In the last few days, we confronted the news of yet another dreadful act carried out against people who were just going about their daily life.  We face the tragedy and sadness of it: we may have family and friends who are directly affected in large or small ways; our hearts go out to the people directly affected, and the police and emergency services employees who put themselves on the line to deal with the situation, and to the communities who are touched by these events and the backlash which will inevitably follow.

We may worry about how safe we really are, so far away, but similarly vulnerable.   Even if we manage to avoid becoming pre-occupied with events as they unfold, it will in any case play out over weeks on our television screens, radios and newsfeeds.

As adults, we can put these events into a bigger context. We know that people can and will band together to pull through. Our children don’t always have such a big picture and it makes it hard for them to make sense of what they are seeing and hearing. Continue reading

When Bad Things Happen in the World

Quote from Martin Luther King "Darkness cannot drive out darkness, only light can do that. Hate cannot drive out hatred, only love can do that."

Image thanks to Good Housekeeping

 

“Together” is the watchword for dealing with news of violence or death. “What can we do together, as a family, to remember those who died, and offer our caring?” is a healing question.

Patty Wipfler, Hand in Hand Parenting

 

 

I don’t tend to listen to or watch the news, but sometime on Saturday a couple of weeks ago it filtered through that something dreadful had happened somewhere in the world.

On Sunday, I woke knowing that it was serious, and that I would need some time to talk about how it makes me feel – how lucky am I, how easily it could happen in the city where I live, that my sense of safety in the world is dented.  The horror of imagining what it must be like to have been caught in the middle of it, the senseless waste and carnage, the anguish, shock.

I deliberately did not allow myself to listen to details about the event:  I’m pretty sure that I do not need to know.  I get the gist.  Things in the world are not good.

However, my mind was pulled to it all day.  In the evening, I met with a group of people and we took a short time, in pairs, just to listen in turn to one another about these events.  We cried about how shocking it was, we talked through the details of what we had seen on the news, we feared for our safety, we worried for our children.  Then, we went on with what we had planned to meet for.

It would have made no sense to keep going over the top of the feelings. And taking time to pay attention to, and feel, the feelings does not mean that there is not thinking to be done, and work, to fix things.  But the flood of feelings that comes up at a time like this can easily overwhelm us, drag us down and away from the thing we planned to do, and the things we could do to make the world a better place.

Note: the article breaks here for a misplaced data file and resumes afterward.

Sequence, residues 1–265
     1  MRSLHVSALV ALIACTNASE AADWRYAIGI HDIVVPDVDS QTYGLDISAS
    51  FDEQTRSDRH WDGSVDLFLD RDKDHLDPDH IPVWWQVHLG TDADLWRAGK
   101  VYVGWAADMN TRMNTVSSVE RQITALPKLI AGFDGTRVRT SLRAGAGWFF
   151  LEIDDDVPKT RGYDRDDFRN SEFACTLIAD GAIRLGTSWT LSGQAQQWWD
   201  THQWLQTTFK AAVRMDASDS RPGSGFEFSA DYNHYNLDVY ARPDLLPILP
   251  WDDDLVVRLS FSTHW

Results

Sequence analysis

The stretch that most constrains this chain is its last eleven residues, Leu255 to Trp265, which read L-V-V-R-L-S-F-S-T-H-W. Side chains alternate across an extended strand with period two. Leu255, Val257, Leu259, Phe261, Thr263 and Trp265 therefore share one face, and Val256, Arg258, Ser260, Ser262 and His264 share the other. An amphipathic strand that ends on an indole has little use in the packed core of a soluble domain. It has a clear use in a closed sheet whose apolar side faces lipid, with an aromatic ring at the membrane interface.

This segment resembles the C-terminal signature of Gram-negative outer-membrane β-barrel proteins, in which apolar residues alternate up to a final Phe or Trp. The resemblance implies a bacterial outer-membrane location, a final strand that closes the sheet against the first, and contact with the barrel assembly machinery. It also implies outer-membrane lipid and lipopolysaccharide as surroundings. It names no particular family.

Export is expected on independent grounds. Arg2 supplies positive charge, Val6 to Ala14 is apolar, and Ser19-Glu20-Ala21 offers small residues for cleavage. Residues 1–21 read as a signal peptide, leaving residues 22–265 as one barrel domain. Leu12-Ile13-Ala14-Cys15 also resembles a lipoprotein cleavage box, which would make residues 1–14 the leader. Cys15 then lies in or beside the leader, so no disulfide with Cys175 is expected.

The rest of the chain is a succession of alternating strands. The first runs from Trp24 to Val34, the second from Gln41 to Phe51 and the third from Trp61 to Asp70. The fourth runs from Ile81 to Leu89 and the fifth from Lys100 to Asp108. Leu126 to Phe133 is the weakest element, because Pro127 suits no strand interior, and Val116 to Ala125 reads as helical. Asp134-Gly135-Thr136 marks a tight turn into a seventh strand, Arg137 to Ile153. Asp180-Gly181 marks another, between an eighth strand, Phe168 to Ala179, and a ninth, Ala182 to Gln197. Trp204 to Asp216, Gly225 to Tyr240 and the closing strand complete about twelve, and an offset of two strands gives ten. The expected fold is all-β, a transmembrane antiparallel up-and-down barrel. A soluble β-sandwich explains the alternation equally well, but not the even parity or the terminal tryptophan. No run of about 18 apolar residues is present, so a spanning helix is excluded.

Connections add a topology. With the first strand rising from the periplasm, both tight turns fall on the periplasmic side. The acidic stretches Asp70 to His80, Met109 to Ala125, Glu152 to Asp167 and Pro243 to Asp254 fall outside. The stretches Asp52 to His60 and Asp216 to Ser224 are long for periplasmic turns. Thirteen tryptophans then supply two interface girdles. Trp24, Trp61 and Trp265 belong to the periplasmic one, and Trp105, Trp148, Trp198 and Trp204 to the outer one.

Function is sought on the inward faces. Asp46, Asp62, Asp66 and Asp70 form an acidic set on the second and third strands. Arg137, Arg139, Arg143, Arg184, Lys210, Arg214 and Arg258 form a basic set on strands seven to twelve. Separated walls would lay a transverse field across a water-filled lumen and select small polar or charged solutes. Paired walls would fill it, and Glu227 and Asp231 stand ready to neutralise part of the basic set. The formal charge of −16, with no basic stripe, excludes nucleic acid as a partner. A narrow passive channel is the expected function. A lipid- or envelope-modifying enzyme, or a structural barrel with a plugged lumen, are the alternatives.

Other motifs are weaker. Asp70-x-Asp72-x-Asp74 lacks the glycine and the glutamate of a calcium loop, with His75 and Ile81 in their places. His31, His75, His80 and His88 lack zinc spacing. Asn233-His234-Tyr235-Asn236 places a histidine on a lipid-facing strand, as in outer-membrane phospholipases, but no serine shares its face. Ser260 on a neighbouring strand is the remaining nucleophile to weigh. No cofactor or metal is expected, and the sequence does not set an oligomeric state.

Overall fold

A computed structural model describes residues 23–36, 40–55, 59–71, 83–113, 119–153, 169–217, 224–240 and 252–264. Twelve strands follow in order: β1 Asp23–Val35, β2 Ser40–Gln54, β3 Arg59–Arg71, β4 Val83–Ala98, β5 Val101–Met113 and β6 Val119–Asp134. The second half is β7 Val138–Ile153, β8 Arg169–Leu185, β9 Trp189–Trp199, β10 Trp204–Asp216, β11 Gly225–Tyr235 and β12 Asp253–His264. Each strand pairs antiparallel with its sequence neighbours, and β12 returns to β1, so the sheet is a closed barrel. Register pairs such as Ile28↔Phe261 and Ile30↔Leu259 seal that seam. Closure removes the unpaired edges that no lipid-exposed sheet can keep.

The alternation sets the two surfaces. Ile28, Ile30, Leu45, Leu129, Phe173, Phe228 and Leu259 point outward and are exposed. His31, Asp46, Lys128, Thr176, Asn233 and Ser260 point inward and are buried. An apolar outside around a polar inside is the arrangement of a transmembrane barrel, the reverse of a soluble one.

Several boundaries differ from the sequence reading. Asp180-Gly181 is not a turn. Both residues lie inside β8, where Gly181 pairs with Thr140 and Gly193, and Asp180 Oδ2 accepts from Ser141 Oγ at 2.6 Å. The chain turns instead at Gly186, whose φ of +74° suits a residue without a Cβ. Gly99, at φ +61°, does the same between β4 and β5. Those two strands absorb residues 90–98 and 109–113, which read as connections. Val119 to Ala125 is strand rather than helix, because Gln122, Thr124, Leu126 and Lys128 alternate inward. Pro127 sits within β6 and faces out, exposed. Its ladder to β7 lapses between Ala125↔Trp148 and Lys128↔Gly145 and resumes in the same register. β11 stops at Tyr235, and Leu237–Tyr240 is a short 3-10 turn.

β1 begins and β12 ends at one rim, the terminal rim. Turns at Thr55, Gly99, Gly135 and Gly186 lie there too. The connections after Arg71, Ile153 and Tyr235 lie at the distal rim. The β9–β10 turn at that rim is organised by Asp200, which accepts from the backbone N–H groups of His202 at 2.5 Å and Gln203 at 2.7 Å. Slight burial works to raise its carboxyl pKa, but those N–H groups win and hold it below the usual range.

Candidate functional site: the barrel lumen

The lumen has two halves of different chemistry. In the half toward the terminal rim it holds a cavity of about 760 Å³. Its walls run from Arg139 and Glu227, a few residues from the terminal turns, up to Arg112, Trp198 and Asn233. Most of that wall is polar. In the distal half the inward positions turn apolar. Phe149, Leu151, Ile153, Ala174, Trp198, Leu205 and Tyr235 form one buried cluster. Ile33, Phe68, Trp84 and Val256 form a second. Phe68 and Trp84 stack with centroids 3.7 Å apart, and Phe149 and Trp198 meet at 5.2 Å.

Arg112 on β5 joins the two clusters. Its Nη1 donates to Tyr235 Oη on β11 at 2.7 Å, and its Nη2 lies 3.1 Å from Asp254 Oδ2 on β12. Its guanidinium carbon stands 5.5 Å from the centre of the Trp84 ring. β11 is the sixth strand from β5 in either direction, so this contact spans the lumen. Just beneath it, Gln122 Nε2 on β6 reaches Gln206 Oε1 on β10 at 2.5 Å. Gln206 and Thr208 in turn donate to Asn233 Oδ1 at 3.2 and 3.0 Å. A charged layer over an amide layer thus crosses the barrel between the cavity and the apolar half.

Continue reading

Who is Starting School?

An old school, built in 1890

An Old School Building by Madeleine Winter

 

If summer is drawing to a close (as it is in the Northern Hemisphere) you may be starting to think about the start of school.  Or here in Australia, you might be preparing for your child to start school in the New Year. For some, it is a return to something known and understood. But for those of us beginning school for the first time, it’s a big deal. And I mean for the big people as well as the little ones.

Who’s Starting School?

Often, as we prepare our families for the start of school, our attention is on the children.   Will they be upset when I have to leave? Will they make friends? Will they know what they need to know?   Will they learn well?

However, I’d like to start with the focus on us parents. I have not met many parents whose children are starting school who feel entirely calm and relaxed about it. For many of us, school brings up a lot of feelings. After all, we spent a lot of years there. Some of it was good, but some of it was hard. Most of us have not had a chance to talk much about those experiences. And some of us would rather not. Continue reading

Helping Your Angry Pre-Teen

More on the topic of Pre-Teens.  If you have Pre-Teen children, you will know that things start to change.  Special Time can be a great tool for parents and children to stay connected through times of change, including times when we don’t feel we really understand each other.

Special Time – a dedicated period of time where we put aside our pre-occupations and concerns, pay full attention to our child, and delight in them – begins to change as your children’s interests change.  But the magic that it works still applies:  it builds emotional safety into our relationship with our children at a particularly important time.

And when we do this, children will start to show us their upsets.  By the time they are 8, 9 10, some of those upsets will be about us, and much will be about what it has been like being a young person for 10 years or so, in a world that does not treat young people with much respect.

We need to listen warmly at these times, giving our children all the attention we can muster.  Inevitably, the upsets will tend to be scrappier and less direct than using the process with younger children.  When they were little we could being them onto our lap and hold them as they sobbed out their sorrows, but now they are more “defended” and their sorrows have hardened into anger, and we are working hard just to keep our foot in the door, before it slams (literally and metaphorically!).

But every bit of warm, non-judgemental hanging-in-there with our Pre-Teens makes a difference.  They notice EVERYTHING we do, and it all still matters to them.

Here’s a great article by Hand in Hand  Founder, Patty Wipfler, on just what is going on for our Pre-Teen children, and for us:

http://www.handinhandparenting.org/article/helping-angry-preteens/